‘So You Think You Can Dance’: A chat with choreographer and judge Mia Michaels


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“So You Think You Can Dance” fans know they’re typically in for a treat when Mia Michaels appears on the show, both for her memorable dances and her friendly outspokenness as a guest judge. As the sixth season moves on toward revealing its top 20, the Emmy-winning choreographer took the time to speak with us in the midst of working on the Canadian version of “SYTYCD.”

What did you think of the fifth season of “So You Think You Can Dance”?
I have mixed feelings. It was definitely not my favorite year. I didn’t do as much choreography as I usually do, and I wasn’t completely inspired. Every season has its own feel and essence because of the kids, and last year was just -- I don’t know, it wasn’t as exciting as past seasons. The season before we had so many stars: Twitch [Boss], Kherington [Payne], Katee [Shean] and Joshua [Allen]. Everyone had their own distinct personality and look, and they were all very special. Season 3 for me was the best dancers; those were the prime dancers. This season, from what I gather from auditions, I predict should be one of the best. We just have to see if the great dancers and personalities make the top 20. It’s just time, and between the shift in the show and the new set and the new time slot, I think it should be really good this year.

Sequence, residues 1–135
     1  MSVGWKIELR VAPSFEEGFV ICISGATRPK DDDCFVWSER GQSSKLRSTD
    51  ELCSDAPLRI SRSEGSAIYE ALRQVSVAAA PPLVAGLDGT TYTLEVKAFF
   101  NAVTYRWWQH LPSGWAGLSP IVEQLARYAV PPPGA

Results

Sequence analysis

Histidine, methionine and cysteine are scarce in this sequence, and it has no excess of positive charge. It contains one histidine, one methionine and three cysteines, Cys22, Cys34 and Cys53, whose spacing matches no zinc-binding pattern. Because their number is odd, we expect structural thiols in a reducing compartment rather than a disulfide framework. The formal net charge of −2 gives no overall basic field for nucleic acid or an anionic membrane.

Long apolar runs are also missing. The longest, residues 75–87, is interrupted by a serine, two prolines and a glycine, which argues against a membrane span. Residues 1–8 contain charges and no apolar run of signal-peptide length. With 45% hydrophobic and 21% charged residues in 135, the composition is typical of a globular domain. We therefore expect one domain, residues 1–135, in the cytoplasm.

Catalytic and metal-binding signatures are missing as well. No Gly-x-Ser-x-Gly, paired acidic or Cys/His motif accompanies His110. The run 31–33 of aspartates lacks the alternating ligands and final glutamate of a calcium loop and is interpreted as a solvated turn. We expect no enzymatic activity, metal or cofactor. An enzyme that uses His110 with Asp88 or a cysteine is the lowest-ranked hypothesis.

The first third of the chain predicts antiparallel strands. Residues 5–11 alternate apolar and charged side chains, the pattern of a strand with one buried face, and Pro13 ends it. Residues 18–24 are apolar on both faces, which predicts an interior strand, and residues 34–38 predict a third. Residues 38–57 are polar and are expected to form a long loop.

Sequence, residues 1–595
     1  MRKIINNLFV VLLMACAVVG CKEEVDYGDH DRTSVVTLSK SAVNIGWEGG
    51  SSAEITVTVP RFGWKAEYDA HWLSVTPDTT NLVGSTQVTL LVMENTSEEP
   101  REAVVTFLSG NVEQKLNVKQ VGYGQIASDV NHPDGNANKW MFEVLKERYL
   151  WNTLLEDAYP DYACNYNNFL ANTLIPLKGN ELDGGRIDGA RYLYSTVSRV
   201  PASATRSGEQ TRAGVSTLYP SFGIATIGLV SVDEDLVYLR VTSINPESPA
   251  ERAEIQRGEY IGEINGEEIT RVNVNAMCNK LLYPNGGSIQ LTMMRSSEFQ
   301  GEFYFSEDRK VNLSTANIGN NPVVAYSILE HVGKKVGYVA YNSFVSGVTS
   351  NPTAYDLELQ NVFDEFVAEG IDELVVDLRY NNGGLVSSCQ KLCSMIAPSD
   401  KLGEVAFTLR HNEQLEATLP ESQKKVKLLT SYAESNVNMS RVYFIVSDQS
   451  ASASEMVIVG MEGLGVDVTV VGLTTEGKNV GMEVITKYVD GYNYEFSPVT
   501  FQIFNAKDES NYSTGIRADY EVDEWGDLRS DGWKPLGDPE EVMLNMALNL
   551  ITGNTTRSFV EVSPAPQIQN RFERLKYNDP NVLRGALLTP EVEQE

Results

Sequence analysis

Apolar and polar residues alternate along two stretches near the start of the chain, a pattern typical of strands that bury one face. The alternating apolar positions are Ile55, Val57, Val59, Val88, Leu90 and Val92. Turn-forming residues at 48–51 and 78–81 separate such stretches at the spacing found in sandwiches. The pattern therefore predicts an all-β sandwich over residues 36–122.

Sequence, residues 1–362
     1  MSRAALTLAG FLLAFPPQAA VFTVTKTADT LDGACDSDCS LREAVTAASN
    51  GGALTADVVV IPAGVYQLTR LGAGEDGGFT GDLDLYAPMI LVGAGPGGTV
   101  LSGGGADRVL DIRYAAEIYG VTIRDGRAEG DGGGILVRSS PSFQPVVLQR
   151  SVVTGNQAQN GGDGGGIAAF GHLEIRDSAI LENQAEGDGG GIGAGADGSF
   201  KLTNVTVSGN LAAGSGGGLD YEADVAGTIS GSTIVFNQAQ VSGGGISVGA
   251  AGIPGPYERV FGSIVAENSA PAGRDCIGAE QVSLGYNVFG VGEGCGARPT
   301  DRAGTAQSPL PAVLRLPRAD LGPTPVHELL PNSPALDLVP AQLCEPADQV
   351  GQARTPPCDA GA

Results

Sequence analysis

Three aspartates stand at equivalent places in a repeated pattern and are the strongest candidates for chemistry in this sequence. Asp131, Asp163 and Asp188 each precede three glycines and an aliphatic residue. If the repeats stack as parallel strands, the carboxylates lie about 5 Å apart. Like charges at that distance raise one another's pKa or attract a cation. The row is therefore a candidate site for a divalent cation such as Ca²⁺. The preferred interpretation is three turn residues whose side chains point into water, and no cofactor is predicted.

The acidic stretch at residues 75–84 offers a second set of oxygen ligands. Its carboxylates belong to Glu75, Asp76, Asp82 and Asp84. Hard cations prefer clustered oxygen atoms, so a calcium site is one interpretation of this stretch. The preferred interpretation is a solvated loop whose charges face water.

What will Adam Shankman bring as a judge?